[18:34:04] SMERCONISH: It was supposed to be a game-changer. Hillary's downfall said some. The hearing investigating her actions as secretary of state during the deadly attack on the U.S. embassy in Benghazi.
The GOP and FOX News, they've been salivating with anticipation. Well, during 11 grueling, sometimes meandering hours, FOX News actually stopped covering the proceedings.
All that conservative gadfly Matt Drudge could find to attack was Hillary having a coughing fit.
"Rolling Stone" called it Republicans' 11-hour gift to Hillary Clinton and says conservatives practically picked Hillary Clinton up and carried her to the White House. So, was Benghazi a game-changer but in the opposite direction than her
opponents had hope?
Joining me now, former Clinton White House special counsel Lanny Davis, and Joseph DiGenova, former U.S. attorney for Washington, D.C.
Joe, you go first. Do you agree with the pundit class that it was a net gain for Hillary Clinton?
[18:35:02] JOSEPH DIGENOVA, FORMER U.S. ATTORNEY: Yes, I do.
DIGENOVA: I thought that in the short term, it will be a gain for her. But I predict it will not wear well over the long haul for a number of reasons.
One point that the committee did not make which it should have, was that during her year as secretary of state, when Chris Stevens arrived in Libya, the security for him was at 38. The day he was killed, the security was at nine.
Also during the hearing, she said something very important that got missed, she said that the Sidney Blumenthal exchanges were not official business. She dominated name as personal, and that's why they were not turned over.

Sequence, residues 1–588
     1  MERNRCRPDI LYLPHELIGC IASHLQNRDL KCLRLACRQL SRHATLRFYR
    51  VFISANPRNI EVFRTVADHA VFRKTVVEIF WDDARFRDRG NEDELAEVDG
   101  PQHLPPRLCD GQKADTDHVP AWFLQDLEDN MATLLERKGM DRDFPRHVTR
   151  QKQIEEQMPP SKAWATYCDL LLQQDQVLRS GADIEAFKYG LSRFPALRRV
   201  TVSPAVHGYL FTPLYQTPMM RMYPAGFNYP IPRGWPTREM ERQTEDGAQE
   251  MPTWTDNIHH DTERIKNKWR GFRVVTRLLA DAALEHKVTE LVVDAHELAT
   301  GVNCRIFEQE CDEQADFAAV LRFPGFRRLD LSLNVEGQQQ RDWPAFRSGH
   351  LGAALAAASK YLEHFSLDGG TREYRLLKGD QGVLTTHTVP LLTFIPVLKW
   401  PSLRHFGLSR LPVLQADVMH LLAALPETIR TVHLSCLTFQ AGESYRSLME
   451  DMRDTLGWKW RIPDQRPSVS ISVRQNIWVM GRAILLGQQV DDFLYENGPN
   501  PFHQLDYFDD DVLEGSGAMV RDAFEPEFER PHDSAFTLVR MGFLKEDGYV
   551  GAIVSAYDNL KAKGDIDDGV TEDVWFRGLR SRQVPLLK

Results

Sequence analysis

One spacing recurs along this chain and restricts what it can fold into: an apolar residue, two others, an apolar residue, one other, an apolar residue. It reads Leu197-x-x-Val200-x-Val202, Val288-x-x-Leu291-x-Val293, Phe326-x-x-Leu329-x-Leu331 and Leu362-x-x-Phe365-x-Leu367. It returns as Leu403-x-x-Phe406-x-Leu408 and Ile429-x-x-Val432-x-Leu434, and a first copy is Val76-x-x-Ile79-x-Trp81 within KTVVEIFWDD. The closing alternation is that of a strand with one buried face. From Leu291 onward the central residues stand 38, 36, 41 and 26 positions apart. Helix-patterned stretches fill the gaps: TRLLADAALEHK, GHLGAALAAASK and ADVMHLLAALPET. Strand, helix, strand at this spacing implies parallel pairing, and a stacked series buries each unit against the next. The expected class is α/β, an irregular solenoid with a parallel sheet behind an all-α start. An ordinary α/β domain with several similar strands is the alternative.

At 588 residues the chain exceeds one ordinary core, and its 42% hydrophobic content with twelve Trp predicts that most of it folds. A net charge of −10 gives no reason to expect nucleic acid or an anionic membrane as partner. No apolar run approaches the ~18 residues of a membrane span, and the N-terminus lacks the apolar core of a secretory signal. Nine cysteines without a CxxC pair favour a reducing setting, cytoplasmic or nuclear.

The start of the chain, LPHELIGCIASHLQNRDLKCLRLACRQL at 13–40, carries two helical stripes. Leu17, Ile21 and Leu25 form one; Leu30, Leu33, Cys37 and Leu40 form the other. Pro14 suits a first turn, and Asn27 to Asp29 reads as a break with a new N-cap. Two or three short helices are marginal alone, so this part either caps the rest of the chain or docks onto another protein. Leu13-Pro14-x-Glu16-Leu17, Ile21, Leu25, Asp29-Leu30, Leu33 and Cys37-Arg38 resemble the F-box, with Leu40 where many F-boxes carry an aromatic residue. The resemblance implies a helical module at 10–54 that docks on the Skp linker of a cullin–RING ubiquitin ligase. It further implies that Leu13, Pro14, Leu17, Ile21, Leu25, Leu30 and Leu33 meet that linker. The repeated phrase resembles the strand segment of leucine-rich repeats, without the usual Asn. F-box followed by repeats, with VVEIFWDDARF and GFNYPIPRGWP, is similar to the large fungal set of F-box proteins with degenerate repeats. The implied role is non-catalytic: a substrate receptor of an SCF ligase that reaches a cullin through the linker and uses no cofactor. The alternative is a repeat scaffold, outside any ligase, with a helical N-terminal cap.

And finally, she said something that I think over the long haul will not wear well. She said that she was no under no obligation under the 1999 SICA law to sign a waiver for low security of Benghazi. In fact, that statement is false, the law is very clear. She is required.
In addition, the ARB, the Accountability Review Board, which she said that she praises, said that there was a waiver signed under that law, but it didn't say by whom it was signed. That will be the next stage to look into it.
But for the moment, she has a temporary but yet fleeting victory.
SMERCONISH: Joe, I sent out a tweet watching all of this. I said it's interesting, sometimes, the GOP likes to trash trial lawyers. But they really needed one because there seemed like no cogent consistent theme to the questioning and splitting it up the way that they did. I just think they scored no points. Respond to that.
DIGENOVA: I agree with you 100 percent. This is -- this is just like the rest of congressional hearings conducted by Republicans over the last several years. There has been incompetence awash -- they have been a wash in incompetence.
Some of the questioning yesterday was superb, especially from Gowdy and Jordan. But, by and large, opportunities were missed. And as I can tell you, no one knew in fact when the secretary said that Benghazi was not covered by the SICA Act that she had to determine that low security was OK, not a single member knew that that answer was false.
SMERCONISH: Lanny Davis, Joe says enjoy it while it lasts because in the long term, it's going to catch up with her.
LANNY DAVIS: I'm sorry to be a little bit lighthearted. But, you know, I love Joe DiGenova and it hurts --
DIGENOVA: And I love you, Lanny. Let's get married. That's a real Democratic --
SMERCONISH: It's allowed now. It's allowed.